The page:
‘Wrong Side of a Fistfight’ is about agency through reinterpretation — of past relationships, of femininity, of aggression, of sanctity, of Zeus as a guy who “launders money through the accounts of his ‘commonwealth’ corporation”, and of depression as “not so much sorrow and anguish, as it is existing when you’re not sure you want to.” As is only appropriate in our times, Ashe is a meta-poet, a poet’s poet who laughs at her own craft, which is neither sacred nor miraculous to her: “Poetry makes for pretty Band-aids…show them off like children on the playground: this is where I broke my heart/and this is where it almost broke me back, but listen – don’t these similes look good on me?”
‘Black Earth: the Holocaust as History and Warning’, by Timothy Snyder
“We recall the victims [of the Holocaust], but are apt to confuse commemoration with understanding”, cautions historian Timothy Snyder, in the introduction to ‘Black Earth’.
The book is ostensibly an attempt to ground our understanding of the Holocaust by examining and reappraising its origins. But in doing so, it is also an absorbing meditation on history, power, amnesia, memory and the future.
Illustrated by individual stories of loss and survival, and buttressed by formidable archival work, Black Earth begins by sweeping aside conventional wisdom around the Shoah. As Snyder observes, “[w]e rightly associate the Holocaust with Nazi ideology, but forget that many of the killers were not Nazis or even Germans. We think first of German Jews, although almost all of the Jews killed in the Holocaust lived beyond Germany. We think of concentration camps, though few of the murdered Jews ever saw one.”
Snyder’s chronological analysis then takes the reader from idea to execution, focusing on a few central themes: firstly, that Hitler’s worldview was profoundly ecological. In his eyes, nature was an arduous struggle between races for food, resources, land and comfort. Plundering the East, and removing the “pestilence” of the Jews, would become the “logical” outcomes of this depraved ideology of conquest.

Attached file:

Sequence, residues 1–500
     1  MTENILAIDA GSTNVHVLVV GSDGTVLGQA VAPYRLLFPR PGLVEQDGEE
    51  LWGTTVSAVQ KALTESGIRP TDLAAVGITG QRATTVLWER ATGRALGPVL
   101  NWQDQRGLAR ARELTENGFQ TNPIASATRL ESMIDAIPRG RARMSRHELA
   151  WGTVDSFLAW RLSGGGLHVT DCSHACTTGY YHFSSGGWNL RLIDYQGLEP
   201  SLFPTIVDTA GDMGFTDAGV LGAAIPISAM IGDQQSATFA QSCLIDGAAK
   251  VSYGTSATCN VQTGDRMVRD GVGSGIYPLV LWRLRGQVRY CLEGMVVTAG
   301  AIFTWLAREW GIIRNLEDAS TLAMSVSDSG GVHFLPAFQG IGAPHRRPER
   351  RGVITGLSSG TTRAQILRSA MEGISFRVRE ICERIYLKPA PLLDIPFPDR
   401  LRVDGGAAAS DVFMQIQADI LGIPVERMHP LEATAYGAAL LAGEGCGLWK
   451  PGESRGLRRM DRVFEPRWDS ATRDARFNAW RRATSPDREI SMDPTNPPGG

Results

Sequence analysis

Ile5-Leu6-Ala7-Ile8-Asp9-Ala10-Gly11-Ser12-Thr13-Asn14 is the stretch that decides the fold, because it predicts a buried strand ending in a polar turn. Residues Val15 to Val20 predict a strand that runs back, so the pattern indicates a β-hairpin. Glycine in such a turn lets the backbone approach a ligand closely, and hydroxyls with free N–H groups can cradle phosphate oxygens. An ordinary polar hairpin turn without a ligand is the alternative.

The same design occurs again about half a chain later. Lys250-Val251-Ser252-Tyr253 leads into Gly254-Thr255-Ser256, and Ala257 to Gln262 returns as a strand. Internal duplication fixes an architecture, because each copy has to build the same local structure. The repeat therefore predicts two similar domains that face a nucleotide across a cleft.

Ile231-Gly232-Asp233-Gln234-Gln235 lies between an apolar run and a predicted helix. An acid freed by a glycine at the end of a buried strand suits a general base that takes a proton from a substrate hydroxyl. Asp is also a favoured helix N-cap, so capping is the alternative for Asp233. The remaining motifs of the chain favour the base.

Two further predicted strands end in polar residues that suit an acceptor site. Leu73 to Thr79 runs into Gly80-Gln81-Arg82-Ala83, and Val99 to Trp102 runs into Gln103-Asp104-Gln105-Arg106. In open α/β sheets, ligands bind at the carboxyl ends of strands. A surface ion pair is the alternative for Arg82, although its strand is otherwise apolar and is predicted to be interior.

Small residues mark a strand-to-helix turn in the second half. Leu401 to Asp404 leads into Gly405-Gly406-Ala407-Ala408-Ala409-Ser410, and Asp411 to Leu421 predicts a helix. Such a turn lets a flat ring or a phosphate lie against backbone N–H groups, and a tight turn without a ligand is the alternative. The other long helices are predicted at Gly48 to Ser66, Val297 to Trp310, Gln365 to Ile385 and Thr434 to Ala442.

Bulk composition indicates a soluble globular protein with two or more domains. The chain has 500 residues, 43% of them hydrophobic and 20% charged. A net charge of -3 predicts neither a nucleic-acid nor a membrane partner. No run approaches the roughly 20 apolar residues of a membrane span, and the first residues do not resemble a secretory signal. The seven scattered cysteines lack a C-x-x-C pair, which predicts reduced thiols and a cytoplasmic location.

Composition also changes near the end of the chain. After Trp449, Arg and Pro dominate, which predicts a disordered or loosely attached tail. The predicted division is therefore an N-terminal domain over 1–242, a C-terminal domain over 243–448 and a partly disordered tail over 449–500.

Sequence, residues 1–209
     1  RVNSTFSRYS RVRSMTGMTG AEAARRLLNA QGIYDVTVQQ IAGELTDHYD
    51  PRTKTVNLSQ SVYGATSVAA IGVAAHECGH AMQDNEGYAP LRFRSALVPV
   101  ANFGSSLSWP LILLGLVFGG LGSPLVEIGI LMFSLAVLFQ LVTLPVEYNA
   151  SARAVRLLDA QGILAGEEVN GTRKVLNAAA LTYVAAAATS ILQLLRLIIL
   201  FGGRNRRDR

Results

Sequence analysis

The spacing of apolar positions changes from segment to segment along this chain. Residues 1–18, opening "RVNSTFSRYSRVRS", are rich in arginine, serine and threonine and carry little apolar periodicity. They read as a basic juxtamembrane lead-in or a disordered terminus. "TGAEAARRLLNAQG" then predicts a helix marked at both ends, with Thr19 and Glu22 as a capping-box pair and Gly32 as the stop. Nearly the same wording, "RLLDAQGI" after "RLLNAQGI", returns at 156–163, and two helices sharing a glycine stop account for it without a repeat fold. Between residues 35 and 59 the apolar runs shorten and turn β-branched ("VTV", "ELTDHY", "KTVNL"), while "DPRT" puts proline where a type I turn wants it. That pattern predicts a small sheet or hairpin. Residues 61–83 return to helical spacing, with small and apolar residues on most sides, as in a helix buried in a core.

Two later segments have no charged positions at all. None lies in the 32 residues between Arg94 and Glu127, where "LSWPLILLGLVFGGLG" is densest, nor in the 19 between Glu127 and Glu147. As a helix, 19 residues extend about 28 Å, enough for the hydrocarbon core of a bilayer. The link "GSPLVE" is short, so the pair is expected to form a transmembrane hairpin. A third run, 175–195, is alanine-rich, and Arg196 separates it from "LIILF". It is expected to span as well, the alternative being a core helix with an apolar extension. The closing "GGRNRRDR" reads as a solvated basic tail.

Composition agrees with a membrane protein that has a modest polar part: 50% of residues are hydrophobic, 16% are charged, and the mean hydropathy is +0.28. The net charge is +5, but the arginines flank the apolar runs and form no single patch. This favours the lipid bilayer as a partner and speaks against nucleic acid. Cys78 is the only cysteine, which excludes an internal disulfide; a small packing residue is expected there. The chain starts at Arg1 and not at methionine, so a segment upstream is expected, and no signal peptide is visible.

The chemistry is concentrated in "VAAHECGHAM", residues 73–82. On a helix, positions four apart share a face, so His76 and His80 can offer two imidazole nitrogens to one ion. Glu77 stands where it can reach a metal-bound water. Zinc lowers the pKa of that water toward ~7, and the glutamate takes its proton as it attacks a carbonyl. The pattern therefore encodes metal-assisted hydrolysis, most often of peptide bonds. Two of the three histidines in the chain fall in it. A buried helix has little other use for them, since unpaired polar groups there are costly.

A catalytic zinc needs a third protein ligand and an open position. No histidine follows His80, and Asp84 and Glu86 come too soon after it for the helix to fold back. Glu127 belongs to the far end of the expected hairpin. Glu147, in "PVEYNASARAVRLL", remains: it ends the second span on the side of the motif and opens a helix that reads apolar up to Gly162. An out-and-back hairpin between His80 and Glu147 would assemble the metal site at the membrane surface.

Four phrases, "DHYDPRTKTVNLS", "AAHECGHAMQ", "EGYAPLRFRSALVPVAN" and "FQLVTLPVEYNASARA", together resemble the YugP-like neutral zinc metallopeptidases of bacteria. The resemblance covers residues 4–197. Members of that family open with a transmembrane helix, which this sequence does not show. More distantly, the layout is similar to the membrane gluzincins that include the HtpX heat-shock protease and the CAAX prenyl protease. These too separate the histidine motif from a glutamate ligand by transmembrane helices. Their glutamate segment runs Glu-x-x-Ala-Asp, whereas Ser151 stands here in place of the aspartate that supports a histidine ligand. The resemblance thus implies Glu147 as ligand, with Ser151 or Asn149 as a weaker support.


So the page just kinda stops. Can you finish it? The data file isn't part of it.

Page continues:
Secondly, that the breakdown of states and institutions in Nazi-occupied Europe was the decisive precondition for genocide. Stripped of the safeties of citizenship, Jews were most vulnerable in states that had been obliterated. The degree of state destruction determined why around 99% of Estonian Jews were murdered, and 99% of Danish Jews survived.
Finally, the haunting closing reflection in ‘Black Earth’ is that scarcity and ecological panic can open up the political space for forces of horror. The paranoias that stem from deprivation and natural disasters, are easily directed towards scapegoating or ethnic blame. As the violent impacts of climate change increasingly unravel, we must not forget that furies of the atmosphere, can unleash the furies of humanity.
Snyder’s assertive approach has received criticism for its historiographical faults and overly forced angles. But the shortcomings of the book do not detract from its pressing message: we cannot be complacent about history. As Snyder writes: “The history of the Holocaust is not over. Its precedent is eternal, and its lessons have not yet been learned.”
The past is a mute warning, and ‘Black Earth’ is a timely plea to listen.